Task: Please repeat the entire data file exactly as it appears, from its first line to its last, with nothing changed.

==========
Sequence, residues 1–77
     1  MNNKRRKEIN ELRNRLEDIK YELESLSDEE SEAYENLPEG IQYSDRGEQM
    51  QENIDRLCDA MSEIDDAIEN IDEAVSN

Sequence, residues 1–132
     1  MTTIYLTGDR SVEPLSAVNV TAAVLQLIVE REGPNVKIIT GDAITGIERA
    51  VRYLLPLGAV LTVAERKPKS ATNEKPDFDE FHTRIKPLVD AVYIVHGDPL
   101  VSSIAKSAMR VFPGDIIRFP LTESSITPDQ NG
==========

Sequence, residues 1–77
     1  MNNKRRKEIN ELRNRLEDIK YELESLSDEE SEAYENLPEG IQYSDRGEQM
    51  QENIDRLCDA MSEIDDAIEN IDEAVSN

Sequence, residues 1–132
     1  MTTIYLTGDR SVEPLSAVNV TAAVLQLIVE REGPNVKIIT GDAITGIERA
    51  VRYLLPLGAV LTVAERKPKS ATNEKPDFDE FHTRIKPLVD AVYIVHGDPL
   101  VSSIAKSAMR VFPGDIIRFP LTESSITPDQ NG